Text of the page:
The camera also introduces anomalies or artifacts into the video picture due to noise in the color sampling resolution which ideally should be eliminated to reduce the amount of data to be transmitted since they contribute nothing beneficial to the picture. When the picture is displayed with a new field every 60th of a second, the effect of such anomalies is averaged out by the human eye. Areas having a smooth appearance and little actual detail upon close observation seem to "crawl". This appearance is also known as the "mosquito effect". When a picture is frozen so that only one field or picture frame is being examined, the picture takes on a grainy, speckled appearance. The impact of the noise on the luminance data is in the form of tiny variations in the computed luminance. When the picture is digitized, the digitizing process also converts all of these artifacts to digital representations, even though they do not actually represent picture detail. The processing of luminance in the image capture engine operates to eliminate such meaningless details.
One preferred method eliminating the non-essential details caused by noise in the luminance data is to determine the points of change based at least in part on the luminance function for pixels in the scan lines by comparing differences in one or more decision parameter with corresponding adaptive thresholds. This is termed feature encoding. The decision parameters are preferably comprised of differences of the luminance function between pixels, determined between proximate pixels (Diff-1) in a scan line, n plus one n plus two, or even a further distance away, where n represents the position on a scan line of the pixel being examined for changes in luminance; between adjacent first differences (Diff-2), and a cumulative parameter (Cum-diff) which is a sum of the individual difference functions Diff-1, and Diff-2. Each decision parameter has its own corresponding adaptive threshold, having a default value which is subject to modification by the system in response to operator settings. The adaptive threshold preferably has a default value which may be adjusted by the input capture engine responsive to operator or processor selections for resolution. The selecting of the threshold parameters for determining either the feature or transition decision points is quite subjective. The selection of the parameters determines the number of data points required to define the picture and it also determines the overall perceptual quality of the picture.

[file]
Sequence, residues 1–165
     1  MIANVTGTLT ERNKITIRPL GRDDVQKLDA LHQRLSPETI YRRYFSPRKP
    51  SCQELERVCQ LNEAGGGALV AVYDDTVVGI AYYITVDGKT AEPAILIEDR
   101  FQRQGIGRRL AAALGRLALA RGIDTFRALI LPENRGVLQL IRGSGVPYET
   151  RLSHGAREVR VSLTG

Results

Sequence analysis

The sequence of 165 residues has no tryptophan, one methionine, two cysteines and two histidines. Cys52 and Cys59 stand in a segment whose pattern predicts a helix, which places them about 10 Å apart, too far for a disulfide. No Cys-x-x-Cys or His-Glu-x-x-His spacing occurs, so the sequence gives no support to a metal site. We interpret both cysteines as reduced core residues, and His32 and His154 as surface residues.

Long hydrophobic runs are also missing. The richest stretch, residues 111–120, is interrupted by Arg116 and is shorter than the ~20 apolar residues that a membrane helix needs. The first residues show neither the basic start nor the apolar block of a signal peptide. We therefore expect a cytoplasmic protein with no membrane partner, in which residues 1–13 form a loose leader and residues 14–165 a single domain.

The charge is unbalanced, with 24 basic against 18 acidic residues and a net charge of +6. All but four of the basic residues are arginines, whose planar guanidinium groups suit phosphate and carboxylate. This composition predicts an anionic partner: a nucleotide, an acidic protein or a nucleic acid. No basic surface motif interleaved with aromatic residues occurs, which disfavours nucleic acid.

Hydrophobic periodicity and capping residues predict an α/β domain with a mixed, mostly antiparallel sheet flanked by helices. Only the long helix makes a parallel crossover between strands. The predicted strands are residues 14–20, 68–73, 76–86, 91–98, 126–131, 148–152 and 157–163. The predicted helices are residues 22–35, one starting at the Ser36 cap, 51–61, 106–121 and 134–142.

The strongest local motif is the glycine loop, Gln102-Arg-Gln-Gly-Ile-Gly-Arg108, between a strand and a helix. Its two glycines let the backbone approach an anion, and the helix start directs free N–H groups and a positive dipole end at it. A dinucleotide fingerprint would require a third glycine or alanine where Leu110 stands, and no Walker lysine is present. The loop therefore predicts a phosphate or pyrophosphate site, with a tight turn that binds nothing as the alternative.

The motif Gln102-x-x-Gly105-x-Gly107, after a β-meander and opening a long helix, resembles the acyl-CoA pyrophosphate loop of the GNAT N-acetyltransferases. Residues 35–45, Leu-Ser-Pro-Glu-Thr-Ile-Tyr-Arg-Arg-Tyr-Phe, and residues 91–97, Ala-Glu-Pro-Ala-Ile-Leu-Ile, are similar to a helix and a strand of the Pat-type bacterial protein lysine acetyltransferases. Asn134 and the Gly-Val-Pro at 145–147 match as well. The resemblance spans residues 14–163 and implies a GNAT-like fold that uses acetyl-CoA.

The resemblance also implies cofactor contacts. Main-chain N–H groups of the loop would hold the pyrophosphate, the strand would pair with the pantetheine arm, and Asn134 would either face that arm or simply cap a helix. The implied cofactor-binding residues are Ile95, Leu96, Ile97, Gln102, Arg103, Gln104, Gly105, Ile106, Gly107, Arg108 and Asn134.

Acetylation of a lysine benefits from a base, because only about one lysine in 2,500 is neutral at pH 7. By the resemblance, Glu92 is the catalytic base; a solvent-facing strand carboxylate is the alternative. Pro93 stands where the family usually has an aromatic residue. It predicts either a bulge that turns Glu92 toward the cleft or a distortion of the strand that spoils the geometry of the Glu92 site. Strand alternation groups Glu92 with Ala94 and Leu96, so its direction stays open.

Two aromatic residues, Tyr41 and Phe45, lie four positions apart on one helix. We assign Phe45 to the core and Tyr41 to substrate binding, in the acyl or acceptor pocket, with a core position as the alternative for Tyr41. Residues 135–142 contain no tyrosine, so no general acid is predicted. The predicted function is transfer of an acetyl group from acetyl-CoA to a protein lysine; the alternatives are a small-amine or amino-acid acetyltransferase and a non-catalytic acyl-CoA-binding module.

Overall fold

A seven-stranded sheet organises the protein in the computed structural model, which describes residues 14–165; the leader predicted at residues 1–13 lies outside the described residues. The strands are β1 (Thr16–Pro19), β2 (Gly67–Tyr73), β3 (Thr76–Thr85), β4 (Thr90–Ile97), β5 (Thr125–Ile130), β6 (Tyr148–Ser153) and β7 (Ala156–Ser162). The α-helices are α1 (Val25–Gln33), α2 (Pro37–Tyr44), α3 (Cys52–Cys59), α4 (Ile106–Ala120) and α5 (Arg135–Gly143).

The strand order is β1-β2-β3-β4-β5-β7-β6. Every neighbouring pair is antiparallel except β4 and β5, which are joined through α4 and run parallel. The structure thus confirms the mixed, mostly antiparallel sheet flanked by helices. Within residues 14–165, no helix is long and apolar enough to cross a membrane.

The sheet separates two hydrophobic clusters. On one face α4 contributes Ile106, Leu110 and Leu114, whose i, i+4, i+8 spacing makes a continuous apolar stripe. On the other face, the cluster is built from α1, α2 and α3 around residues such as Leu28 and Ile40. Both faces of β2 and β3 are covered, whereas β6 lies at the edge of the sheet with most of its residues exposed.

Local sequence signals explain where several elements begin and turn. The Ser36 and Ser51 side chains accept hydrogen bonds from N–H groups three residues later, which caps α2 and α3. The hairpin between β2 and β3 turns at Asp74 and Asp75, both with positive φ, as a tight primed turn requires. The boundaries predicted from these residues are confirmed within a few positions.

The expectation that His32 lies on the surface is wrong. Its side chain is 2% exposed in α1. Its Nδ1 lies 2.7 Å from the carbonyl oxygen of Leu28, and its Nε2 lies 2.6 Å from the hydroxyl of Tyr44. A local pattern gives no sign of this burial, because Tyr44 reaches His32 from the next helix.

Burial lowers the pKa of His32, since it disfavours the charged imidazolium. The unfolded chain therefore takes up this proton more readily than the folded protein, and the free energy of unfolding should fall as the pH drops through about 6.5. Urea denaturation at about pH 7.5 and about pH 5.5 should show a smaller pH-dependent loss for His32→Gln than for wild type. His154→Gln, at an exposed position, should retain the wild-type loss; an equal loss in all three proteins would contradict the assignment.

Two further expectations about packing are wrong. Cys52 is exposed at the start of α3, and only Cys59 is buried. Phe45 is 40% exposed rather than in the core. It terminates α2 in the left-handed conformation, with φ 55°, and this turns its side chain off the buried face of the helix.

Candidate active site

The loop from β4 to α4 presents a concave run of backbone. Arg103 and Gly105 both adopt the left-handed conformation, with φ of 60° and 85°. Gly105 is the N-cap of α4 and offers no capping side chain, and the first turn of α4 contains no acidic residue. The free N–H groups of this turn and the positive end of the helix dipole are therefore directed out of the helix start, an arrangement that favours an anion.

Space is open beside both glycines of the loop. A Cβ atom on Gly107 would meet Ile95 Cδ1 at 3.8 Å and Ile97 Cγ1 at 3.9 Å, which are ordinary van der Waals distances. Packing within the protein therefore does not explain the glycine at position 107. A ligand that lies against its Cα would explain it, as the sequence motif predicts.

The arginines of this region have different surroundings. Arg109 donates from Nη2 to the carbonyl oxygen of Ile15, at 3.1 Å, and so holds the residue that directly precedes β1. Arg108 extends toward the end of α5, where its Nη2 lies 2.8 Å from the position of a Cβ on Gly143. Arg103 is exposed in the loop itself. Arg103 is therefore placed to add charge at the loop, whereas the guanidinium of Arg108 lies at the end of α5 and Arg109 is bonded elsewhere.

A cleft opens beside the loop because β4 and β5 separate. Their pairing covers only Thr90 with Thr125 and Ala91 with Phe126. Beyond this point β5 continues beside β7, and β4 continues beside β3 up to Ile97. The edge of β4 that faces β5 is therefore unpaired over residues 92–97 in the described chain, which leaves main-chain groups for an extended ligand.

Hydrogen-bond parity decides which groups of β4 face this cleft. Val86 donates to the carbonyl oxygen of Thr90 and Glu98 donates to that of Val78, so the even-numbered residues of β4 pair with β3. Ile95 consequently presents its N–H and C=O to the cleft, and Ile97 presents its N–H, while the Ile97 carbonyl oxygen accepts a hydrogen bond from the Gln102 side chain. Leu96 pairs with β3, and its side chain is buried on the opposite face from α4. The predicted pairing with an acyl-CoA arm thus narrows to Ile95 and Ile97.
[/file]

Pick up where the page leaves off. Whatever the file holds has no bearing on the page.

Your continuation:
Typically for the feature run length determination, two thresholds are used. One is the cumulative change in luminance since the last decision point, Cumdiff. Cumdiff will trigger a decision point if it was greater than 6 and the number of pixels since the last decision point was greater than 5. Another decision parameter is the sum of two adjacent difference values, Diff2 (this is the same as the difference between luminance values that are two pixels apart). If the Diff2 value is computed to be greater than typically 32, the logic will signify that the line is entering an edge, which identifies a decision point, and will stay in the edge characteristic until the Diff2 value falls below 20. When the edge mode is exited, the color of the next pixel is carried all the way back to the pixel where the starting edge determination was made. Also, if Diff2 changes sign, it signifies a new decision point. Changing the values for the cumdiff thresholds greatly affects the quality and data complexity of the picture.
In the slope determination of decision points (apexes), three general conditions are used. An initial slope is determined at the decision point and all measurements are base on that slope. The initial slope, IINITS, is determined by computing the following function termed NDIFF2: